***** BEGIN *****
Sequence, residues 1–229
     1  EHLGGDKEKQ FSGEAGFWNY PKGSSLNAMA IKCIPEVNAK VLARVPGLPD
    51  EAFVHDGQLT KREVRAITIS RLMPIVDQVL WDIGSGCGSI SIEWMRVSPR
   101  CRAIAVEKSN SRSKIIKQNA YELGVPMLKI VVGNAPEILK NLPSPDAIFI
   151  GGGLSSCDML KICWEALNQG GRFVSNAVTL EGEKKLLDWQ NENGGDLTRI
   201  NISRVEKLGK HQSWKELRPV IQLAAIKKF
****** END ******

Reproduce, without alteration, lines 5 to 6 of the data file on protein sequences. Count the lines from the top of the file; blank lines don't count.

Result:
   151  GGGLSSCDML KICWEALNQG GRFVSNAVTL EGEKKLLDWQ NENGGDLTRI
   201  NISRVEKLGK HQSWKELRPV IQLAAIKKF